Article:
"The Art of LEGO Scale Modeling"

Both of these guys have been building scale models (primarily of trucks) for years and are long-term members of the LEGO community. For their book they have enlisted the cooperation of no fewer than 22 other builders, from all over the world, to present high-quality photographs of some of the best Lego scale models of vehicles you’ll ever see. I got my copy just before the weekend, because I was lucky enough to be able to contribute some of my own models for this title. I obviously cannot be completely objective here. Then again, no reviewer ever is.

The excellent photographs of the models themselves are accompanied by short bits of text, giving some information about the real-world vehicle, and the builds. These are interesting, but the photographs are the stars. If you are a regular reader of our blog, you will already have seen a fair few of the models, such as the Ferrari 458 Italia, by Nathaneal L.. The top-notch photography shows them in a new light.

Ferrari 458 Italia in Art of LEGO Scale Modeling

Although there probably are other scale models out there of similar quality, the Dennises have made a really nice selection of trucks, including a few by the authors themselves, cars, motorcycles, race cars, cranes, aircraft, military models and ships. A few models were built specifically for the book, such as the wonderful Scania by Ingmar Spijkhoven (2LegoOrNot2Lego).

Model Scania 143M Torpedo by Ingmar Spijkhoven

If you are expecting a detailed explanation of how to build models like these, this book will disappoint you. There’s a brief section on how to build them, with a few useful pointers, but a look at the biographies of the builders included in the back of the book will tell you that most of them have been at this for years, if not decades. You can’t learn to build models like these by reading a book; it takes experience. If you’re looking for instructions, you’re not going to find them either. The instructions for some of the individual models alone would be enough to fill most of the book’s 204 pages. You will find plenty of inspiration, though.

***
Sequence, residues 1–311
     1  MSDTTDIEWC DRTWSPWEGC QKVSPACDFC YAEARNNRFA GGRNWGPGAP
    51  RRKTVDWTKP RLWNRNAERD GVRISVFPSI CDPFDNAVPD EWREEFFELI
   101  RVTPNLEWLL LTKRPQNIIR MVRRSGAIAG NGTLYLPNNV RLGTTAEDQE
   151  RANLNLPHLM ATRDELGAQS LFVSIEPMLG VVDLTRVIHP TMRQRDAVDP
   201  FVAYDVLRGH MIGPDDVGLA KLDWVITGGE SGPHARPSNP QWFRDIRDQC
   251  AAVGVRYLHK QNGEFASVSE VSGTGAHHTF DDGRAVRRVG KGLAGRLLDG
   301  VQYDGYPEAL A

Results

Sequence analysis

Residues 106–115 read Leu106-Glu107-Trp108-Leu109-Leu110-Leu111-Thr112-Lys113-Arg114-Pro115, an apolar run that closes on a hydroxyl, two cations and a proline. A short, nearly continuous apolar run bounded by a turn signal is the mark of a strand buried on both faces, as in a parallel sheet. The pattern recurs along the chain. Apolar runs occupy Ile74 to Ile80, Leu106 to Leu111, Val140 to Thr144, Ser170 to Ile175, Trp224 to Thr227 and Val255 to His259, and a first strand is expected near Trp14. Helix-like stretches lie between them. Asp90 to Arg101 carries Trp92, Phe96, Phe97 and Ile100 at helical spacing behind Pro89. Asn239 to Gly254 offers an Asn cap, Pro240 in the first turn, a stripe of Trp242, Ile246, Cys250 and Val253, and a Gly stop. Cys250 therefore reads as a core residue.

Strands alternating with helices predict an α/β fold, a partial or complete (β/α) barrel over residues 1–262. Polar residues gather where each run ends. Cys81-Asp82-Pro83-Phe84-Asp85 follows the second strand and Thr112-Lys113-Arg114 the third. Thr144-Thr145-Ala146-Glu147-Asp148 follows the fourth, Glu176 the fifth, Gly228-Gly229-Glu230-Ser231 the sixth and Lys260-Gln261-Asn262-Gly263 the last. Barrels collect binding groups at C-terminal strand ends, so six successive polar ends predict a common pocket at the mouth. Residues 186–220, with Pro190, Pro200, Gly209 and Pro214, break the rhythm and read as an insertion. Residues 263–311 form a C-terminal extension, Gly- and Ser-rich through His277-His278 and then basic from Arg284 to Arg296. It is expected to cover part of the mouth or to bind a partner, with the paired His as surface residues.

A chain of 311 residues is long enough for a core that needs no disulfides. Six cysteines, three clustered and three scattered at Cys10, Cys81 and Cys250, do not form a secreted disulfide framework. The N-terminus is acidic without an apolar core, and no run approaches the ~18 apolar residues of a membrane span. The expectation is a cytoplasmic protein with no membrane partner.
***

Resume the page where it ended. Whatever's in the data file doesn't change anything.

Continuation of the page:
As usual with LEGO books from this publisher, the cover and binding seem pretty sturdy. The pictures are nicely printed in a matt-gloss finish and are printed on decent quality paper. This is what you would expect from what’s essentially a coffee table picture book. What I didn’t expect is the size of the book. I would have liked to see it a bit larger (it is about 20 by 25 cm/ 8 x 10 inches). This size was probably chosen to keep the book affordable. The pages are still large enough to give you a good view of the models and to appreciate most of the details, but some would definitely look even better on a larger canvas. This is a minor niggle. If scale models of vehicles built out of LEGO are your thing (and if not, why not?!), this is a title you definitely do not want to miss.

LEGO Creator Blue Power Jet 31039 [Review]

For a few weeks now I’ve had Lego set 31039, Blue Power Jet, sitting on a shelf in my LEGO room. It’s currently $69.55 from amazon. I picked mine up from the LEGO Store in Tyson’s Corner back in August after Brickfair, because, as an aircraft builder, I figured I would enjoy building this and be well-suited to write a set review. However, subsequently, I didn’t get around to it. Fortunately, my father helped me out here. He stayed at my place for a while a few weeks ago and, some of the time together was spent with me building my Men In Black Ford and with him building the jet. The review, however, still went nowhere.